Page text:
VANCOUVER - Head coach Mike Benevides knew the B.C. Lions needed a shakeup heading into the 2014 season.
Without a playoff victory since winning the '11 Grey Cup on home turf and this year's game scheduled for B.C. Place Stadium again in November, the Lions felt the need to re-invent themselves.
So Benevides and GM Wally Buono opted to part ways with their two co-ordinators and cut ties with several veteran players. Three pillars of the offensive line also retired so when the Lions opened training camp earlier this month in Kamloops, B.C., plenty of introductions were required.
Khari Jones was hired to run the offence while Mark Washington was promoted to take charge of the defence. Veteran quarterback Kevin Glenn was acquired as an insurance policy, tackle Khalif Mitchell was again anchoring the defensive line after a surprise return to the West Coast and a number of solid rookies were primed and ready to fight for jobs.
"I really believe in our draft process, I really believe in our scouting department," Benevides said. "Wally's the best GM in the league for a reason, he's won more games than anybody ever will.
"We've won more games than anybody else for a long stretch of time based on longevity. There will be a lot of different faces and numbers to get used to and that's OK. We'll take baby steps early on and hopefully we'll be where we want to be at the end of the season."
A key move was acquiring Glenn, who was 20-8 as a starter over two seasons with Calgary before eagerly going to Ottawa in the CFL expansion draft. But that quickly turned to disappointment after the Redblacks signed Henry Burris to be their starter, resulting in Glenn asking to be traded.
Starter Travis Lulay is still recovering from shoulder surgery — he didn't take a snap in either of B.C.'s exhibition victories — so Glenn, 35, will start the season opener Saturday at B.C. Place against the Edmonton Eskimos.
"My thing is just be prepared when my number's called. I've always taken this approach — prepare as if I'm going to start," he said. "We're in the business of winning.
"You come right in and you've got to win. With the Grey Cup being played here it's that much more of an incentive."
B.C. has history on its side this season — the home team has won the Grey Cup in each of the last three years.
"We're worried about Edmonton in Week 1 and that's next goal," said Lions running back Andrew Harris. "The end goal is to get to the Grey Cup but you can't get too far ahead of yourself."
Jones, a former CFL quarterback, began his career with B.C. in '97 and takes over the offence from Jacques Chapdelaine, who was criticized for a lack of imagination in recent years.
That's something Jones said shouldn't be a problem under his watch.
"I hope it's a high-powered offence," said Jones. "I hope it's an offence where we can put points on the board because that's what wins you football games, but a balanced offence as well.
"An offence that uses its weapons, and we have plenty of weapons on this team."
Those weapons include the dual running tandem of the bruising Harris and lightning-quick Stefan Logan.
The Lions had trouble with the ground game at times last season — going 11 straight contests without a 100-yard rusher — before the return of Logan. He played in B.C. in '08 before spending four years in the NFL.
"Stefan's an exciting player and I'm just honoured to be playing beside him and just learn from him," said Harris, who seemed re-engerized upon Logan's arrival. "It's going to be a fun year competing with him in the backfield and building together as a cohesive unit.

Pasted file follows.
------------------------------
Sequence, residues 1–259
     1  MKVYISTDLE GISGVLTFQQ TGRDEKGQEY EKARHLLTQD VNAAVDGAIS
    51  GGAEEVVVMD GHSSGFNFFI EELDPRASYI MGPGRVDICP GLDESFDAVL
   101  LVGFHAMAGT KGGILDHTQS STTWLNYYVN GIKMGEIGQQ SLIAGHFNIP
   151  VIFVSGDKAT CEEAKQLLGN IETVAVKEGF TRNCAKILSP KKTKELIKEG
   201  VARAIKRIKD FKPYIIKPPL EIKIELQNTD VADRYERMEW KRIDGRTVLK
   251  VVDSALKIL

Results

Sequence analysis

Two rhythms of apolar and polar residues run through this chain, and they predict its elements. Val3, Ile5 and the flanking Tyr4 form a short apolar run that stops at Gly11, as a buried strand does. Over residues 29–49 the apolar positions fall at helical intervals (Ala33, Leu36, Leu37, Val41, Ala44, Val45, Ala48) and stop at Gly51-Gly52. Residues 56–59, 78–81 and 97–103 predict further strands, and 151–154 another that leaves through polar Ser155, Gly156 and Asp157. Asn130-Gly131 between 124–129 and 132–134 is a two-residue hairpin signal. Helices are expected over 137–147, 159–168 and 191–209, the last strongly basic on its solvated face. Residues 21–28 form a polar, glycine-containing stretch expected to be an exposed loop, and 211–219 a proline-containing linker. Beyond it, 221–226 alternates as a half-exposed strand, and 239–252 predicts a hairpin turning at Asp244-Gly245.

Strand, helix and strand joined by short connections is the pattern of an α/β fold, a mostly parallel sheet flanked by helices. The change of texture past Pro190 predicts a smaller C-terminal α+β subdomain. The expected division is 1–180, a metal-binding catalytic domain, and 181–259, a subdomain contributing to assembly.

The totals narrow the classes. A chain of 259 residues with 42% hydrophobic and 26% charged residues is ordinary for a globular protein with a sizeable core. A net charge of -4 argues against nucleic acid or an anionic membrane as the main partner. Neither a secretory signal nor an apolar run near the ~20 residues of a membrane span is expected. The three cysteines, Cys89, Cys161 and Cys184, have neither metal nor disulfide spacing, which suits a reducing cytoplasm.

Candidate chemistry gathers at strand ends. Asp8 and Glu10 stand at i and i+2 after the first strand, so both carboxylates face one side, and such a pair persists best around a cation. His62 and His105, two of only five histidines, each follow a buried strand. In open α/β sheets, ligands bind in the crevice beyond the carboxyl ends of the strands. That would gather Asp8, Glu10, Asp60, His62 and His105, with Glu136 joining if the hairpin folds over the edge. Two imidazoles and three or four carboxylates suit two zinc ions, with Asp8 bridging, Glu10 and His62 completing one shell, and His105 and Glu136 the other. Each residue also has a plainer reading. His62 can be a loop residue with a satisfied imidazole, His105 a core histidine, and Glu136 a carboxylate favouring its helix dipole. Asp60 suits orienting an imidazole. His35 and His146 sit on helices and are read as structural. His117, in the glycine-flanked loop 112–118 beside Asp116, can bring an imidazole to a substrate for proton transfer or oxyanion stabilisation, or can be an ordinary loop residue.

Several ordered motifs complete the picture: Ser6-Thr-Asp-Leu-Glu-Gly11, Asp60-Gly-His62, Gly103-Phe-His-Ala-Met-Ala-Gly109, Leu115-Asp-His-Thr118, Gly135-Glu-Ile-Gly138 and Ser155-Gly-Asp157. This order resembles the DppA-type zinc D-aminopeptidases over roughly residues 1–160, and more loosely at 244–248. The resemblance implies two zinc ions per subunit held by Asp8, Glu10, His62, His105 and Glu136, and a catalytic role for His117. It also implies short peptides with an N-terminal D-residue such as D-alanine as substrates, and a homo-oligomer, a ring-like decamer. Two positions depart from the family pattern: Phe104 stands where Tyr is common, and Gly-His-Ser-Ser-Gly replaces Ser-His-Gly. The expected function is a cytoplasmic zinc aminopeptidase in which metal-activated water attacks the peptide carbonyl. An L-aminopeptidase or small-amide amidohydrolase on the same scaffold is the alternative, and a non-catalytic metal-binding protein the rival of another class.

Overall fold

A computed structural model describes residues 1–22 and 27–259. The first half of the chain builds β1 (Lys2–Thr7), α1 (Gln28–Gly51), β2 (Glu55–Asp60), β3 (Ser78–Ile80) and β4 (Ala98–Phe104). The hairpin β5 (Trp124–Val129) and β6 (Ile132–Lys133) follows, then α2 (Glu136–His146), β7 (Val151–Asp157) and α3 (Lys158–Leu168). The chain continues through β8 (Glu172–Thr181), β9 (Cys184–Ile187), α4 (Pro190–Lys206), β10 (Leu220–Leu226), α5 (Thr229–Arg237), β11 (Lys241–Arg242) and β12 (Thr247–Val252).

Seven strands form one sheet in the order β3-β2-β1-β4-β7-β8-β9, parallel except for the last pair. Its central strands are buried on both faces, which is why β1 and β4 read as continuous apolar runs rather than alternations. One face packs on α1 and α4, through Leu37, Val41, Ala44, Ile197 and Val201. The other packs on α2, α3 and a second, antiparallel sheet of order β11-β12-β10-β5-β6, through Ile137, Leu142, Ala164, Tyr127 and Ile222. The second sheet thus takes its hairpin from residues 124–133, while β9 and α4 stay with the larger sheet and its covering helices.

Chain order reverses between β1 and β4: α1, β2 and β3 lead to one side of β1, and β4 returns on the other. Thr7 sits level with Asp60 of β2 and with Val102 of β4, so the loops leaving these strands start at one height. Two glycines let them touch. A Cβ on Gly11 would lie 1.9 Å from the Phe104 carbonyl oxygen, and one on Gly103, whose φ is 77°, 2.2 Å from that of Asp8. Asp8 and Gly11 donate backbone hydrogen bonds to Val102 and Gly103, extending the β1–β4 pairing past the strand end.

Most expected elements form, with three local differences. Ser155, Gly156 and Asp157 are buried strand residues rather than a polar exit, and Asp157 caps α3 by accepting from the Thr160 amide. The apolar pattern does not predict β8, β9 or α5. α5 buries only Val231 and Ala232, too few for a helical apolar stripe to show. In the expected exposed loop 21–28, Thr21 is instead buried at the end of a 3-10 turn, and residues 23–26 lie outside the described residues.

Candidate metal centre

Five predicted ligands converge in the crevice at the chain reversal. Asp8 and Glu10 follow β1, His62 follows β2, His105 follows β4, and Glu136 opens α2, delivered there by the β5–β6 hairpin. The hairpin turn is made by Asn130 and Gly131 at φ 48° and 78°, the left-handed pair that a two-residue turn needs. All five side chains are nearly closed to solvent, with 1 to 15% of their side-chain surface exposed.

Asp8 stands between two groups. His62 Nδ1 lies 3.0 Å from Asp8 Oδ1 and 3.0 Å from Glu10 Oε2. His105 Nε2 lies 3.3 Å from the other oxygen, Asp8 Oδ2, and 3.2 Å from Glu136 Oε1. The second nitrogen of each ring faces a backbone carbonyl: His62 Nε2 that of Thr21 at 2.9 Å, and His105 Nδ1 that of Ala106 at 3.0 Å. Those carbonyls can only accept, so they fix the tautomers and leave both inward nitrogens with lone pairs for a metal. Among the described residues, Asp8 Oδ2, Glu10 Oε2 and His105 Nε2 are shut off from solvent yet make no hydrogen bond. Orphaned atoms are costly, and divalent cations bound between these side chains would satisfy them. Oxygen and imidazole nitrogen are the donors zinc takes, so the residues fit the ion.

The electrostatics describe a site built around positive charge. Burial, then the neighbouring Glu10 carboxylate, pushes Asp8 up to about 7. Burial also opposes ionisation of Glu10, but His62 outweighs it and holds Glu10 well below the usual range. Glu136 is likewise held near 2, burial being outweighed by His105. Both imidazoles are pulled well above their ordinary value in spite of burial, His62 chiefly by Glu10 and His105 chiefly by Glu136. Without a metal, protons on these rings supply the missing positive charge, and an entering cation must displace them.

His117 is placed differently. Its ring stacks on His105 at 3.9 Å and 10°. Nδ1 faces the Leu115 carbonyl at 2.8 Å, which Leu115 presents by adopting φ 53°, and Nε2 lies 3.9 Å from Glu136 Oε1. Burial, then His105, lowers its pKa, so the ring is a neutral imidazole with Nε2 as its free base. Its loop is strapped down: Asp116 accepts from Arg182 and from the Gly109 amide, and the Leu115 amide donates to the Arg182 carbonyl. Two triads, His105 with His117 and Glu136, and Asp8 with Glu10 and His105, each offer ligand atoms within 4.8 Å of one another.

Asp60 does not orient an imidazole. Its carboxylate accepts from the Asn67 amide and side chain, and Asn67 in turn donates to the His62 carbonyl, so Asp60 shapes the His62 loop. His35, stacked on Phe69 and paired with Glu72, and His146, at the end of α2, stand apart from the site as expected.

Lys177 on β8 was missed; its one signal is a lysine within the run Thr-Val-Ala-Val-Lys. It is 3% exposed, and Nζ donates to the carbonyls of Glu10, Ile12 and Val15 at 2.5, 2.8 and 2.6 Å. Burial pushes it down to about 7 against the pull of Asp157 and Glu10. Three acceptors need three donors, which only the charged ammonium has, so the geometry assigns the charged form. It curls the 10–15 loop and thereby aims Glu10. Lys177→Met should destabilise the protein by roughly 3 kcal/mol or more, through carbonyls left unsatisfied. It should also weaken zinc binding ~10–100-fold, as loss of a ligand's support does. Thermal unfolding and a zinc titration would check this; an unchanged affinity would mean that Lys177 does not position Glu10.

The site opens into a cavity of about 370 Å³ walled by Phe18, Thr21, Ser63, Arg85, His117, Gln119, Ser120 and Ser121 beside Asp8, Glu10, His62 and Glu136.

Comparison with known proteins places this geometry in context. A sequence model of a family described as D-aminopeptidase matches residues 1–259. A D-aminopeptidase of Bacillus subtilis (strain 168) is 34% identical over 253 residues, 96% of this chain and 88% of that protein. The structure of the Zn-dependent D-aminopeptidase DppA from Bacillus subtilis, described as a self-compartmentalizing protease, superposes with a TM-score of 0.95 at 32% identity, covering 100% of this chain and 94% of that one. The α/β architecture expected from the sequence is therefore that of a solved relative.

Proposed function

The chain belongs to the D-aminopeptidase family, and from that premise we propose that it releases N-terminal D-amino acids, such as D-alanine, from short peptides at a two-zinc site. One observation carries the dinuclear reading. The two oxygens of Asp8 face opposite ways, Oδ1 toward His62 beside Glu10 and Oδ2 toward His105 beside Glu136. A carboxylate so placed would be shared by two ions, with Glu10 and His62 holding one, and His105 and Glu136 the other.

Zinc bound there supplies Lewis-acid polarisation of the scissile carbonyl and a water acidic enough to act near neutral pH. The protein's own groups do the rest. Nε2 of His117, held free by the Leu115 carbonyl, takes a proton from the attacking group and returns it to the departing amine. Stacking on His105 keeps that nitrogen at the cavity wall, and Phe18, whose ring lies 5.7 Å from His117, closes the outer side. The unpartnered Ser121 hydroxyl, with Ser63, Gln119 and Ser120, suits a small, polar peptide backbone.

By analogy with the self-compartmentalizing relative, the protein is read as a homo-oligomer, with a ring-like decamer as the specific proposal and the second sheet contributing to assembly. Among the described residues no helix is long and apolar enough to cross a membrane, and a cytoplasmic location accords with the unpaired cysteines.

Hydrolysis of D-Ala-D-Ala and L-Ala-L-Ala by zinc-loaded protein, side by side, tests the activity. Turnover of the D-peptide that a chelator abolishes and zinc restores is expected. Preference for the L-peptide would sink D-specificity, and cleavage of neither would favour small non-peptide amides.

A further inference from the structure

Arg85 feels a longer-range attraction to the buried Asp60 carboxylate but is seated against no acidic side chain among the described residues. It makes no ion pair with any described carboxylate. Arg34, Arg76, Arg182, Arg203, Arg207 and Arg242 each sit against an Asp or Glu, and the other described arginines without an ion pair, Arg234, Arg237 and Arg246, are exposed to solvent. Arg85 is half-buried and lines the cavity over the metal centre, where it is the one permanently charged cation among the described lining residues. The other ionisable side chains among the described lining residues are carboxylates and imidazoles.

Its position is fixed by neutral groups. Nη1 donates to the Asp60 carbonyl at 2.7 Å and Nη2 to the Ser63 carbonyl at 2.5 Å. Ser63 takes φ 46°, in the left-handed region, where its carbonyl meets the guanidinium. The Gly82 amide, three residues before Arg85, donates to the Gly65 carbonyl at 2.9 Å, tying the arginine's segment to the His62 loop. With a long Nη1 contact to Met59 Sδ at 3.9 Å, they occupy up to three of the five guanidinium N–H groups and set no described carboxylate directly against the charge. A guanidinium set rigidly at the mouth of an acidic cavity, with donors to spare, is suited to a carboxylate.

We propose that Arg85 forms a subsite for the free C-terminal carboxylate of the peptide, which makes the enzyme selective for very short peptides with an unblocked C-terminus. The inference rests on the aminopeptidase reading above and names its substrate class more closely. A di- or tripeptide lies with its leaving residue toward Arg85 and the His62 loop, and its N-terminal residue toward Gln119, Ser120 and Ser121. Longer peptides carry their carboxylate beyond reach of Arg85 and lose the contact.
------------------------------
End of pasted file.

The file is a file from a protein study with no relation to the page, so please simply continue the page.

"Anytime someone makes a play, you want to make it as well."
Meanwhile, the offensive line lost starters Angus Reid, Ben Archibald and Patrick Kabongo this off-season although Reid missed all of 2013 due to injury. The rebuilt unit will be led by Matt Norman, who filled in admirably for Reid at centre.
Washington, a former defensive backs coach, replaces Rich Stubler as defensive co-ordinator. Like Jones, Washington wants his unit on the front foot and dictating play.
"Mark Washington made sure he instilled in us that we want to be a fast, aggressive defence," said veteran defensive back Ryan Phillips. "An attack-style defence that's going to go out there and make plays."
A former Lions defensive back, Washington said the "attack" he wants from his players is a mentality.
"Attacking is we're not going to sit back and let you dictate to us," he said. "We're going to dictate terms to you."
While Stubler's defence didn't have a bad '13 season — the Lions surrendered the second -fewest rushing yards (94.4 per game) — it allowed the second-most rushing TDs (17) and had the third-fewest sacks (45).
The defensive line received a huge upgrade with the return of Mitchell, who was dealt to Toronto prior to last season following a number of on- and off-field incidents. Now the six-foot-six, 315-pound tackle is back after failing to sign with an NFL club as a free agent.
Benevides said the Lions have a better understanding of the mercurial Mitchell and B.C.'s leadership group was consulted before the decision was made to bring him back.
"I think we brought in the right pieces and we're gelling at the right time," said Phillips. "The most important thing now is we start the season off very strong and on a high note."
B.C. lost the '12 West Division final to Calgary before dropping a semifinal decision to the eventual Grey Cup-champion Saskatchewan Roughriders last year after posting an 11-7 record. Some teams might shy away from talking about hosting the Grey Cup but Benevides has asked his team to embrace it from Day 1.
"It's additional pressure," he said. "Every team across the country is saying the same thing — `We want to win a championship.'
"I'm not going to be dishonest and say 'Well it's at home so it's no big deal.' It is a big deal."